I’m am more than a little perplexed at how the media reports on early retirees. Most articles do their best to talk people OUT of saving up to be financially independent and enjoy the rest of their life in retirement.
This article from AARP is no exception. You would think that an organization seeking to represent people in retirement (politically and otherwise) would be a bit more positive, but many of the ‘warnings’ in the article are just ridiculous …
Certainly some of the comments are spot on – that health insurance is expensive or that less time working means less money compounding. Still, many of their points are absolutely insipid …
- First, the article warns that “early retirement isn’t for everyone. In fact, it isn’t for most people.” It cites that few people are able to do it as a reason it is not for most people. Perhaps if AARP’s retirement article was a little more encouraging more people would try.
- Next, it warns that “quitting work can be far different than the fantasy” and that “you might have a long, long life ahead of you” thanks to today’s amazing health care. How is that supposed to be a bad thing? Is it the vision of modern medicine that people might be able to work longer?
- AARP’s #8 is a curious worry … “there’s a lot of time to kill”! Time to kill before what … you’re actually dead? So, it would be better to just sell your time to an employer because you might be bored? Shouldn’t AARP – of all organizations – be offering advice on how people can enjoy their time in retirement in interesting and fulfilling ways?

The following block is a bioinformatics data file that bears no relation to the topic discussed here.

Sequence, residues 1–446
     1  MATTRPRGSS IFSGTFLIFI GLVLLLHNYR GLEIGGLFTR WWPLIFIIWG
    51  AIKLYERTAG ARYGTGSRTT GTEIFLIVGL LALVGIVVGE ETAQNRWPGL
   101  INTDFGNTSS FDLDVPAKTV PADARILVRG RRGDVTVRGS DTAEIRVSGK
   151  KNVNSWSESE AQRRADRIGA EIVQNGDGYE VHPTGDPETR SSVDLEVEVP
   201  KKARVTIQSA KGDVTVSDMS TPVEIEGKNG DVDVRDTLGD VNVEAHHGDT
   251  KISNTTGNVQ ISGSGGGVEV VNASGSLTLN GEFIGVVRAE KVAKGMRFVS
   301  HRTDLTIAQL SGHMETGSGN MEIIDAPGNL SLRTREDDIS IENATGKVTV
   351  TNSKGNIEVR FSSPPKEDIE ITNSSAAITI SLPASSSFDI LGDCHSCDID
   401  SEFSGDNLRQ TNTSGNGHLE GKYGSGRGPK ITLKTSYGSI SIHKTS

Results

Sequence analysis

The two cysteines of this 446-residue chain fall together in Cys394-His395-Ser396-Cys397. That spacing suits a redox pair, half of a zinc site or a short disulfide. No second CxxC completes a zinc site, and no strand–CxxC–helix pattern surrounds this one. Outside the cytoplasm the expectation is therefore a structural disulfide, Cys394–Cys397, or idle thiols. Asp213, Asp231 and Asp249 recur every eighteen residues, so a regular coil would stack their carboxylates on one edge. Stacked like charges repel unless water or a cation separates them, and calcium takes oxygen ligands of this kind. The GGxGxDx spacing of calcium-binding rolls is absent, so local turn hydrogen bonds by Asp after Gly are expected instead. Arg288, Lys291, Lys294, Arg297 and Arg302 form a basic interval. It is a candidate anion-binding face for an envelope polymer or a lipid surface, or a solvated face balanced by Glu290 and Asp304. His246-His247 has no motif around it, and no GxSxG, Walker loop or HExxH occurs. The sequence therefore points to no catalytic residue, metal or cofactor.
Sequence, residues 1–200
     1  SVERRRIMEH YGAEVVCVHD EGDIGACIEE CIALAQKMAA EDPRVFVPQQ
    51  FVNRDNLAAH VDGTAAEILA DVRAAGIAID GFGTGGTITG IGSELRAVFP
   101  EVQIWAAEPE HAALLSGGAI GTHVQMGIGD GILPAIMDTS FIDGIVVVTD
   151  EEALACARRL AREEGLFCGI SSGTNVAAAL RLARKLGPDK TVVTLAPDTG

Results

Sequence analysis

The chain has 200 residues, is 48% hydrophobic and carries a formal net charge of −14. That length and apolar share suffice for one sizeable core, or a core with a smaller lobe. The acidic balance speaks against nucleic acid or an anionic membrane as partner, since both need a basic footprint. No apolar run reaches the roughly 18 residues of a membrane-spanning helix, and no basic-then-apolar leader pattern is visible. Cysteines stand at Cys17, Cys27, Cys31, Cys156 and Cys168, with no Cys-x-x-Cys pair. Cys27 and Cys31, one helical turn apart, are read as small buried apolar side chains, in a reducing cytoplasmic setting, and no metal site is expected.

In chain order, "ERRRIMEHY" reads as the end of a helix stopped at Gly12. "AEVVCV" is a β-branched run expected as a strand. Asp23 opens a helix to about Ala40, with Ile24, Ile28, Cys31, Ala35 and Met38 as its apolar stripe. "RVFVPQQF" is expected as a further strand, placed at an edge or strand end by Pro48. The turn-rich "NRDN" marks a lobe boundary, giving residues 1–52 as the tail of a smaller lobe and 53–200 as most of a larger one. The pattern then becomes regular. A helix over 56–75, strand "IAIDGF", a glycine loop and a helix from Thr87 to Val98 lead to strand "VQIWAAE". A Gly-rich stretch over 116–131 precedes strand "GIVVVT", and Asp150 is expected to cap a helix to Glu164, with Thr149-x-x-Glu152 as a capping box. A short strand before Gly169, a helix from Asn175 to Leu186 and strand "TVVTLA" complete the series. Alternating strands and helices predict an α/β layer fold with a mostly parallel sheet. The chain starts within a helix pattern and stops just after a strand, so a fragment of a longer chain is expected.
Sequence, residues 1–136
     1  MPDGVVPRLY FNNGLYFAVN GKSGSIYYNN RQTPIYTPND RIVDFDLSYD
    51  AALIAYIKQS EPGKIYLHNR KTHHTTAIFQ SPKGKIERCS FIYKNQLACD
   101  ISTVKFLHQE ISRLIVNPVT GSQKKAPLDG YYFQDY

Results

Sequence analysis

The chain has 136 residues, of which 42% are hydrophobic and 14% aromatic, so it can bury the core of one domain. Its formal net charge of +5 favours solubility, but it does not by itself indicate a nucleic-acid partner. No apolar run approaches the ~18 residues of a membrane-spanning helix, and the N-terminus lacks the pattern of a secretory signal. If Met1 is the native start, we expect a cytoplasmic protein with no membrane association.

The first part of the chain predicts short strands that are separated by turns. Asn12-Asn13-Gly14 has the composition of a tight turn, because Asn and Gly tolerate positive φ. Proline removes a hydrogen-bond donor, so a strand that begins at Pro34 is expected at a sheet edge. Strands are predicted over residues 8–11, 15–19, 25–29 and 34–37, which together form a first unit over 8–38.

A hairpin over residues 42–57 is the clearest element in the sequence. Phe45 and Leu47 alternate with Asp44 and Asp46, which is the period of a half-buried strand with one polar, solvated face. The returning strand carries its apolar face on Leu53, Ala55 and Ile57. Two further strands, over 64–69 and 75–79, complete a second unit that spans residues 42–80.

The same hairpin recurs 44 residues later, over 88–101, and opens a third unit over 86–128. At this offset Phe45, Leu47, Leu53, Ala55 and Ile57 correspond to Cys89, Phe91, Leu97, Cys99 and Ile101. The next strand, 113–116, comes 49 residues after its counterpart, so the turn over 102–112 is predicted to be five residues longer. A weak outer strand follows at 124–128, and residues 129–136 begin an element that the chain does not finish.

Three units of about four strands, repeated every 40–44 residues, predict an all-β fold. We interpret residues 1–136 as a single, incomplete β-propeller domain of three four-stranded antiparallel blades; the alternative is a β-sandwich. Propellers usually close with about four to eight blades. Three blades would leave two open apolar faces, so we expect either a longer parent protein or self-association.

- Warning #9 is as insipid as any: “You may need to make new friends”. It warns that you won’t have anyone to do things with because everyone you now will still be working. So, these people can’t do things with you anymore? Can you not keep your old friends and ALSO find new ones? ProTip: Having time to make new friends is part of the fun of early retirement!
- The article ends on a obvious warning: “Retirement can be tough on couples”. It’s filled with sad statistics about divorce after age 60. Still, is this an argument that “early retirement isn’t for everyone”? Is it better to keep working than face the reality of your marriage? How does delaying retirement mitigate this risk?
Forgive me if you think I am being too harsh on America’s supposed premier organization for retired people. Still, they provide no solutions for navigating challenging issues other than picturing a binary choice between ‘Retire’ and ‘Work’. More work isn’t the solution to most of these challenges, and I’m thinking they should be spending their time promoting retirement and how best to unlock the promise of independence and enjoyment that comes from it.
Image Credit: AARP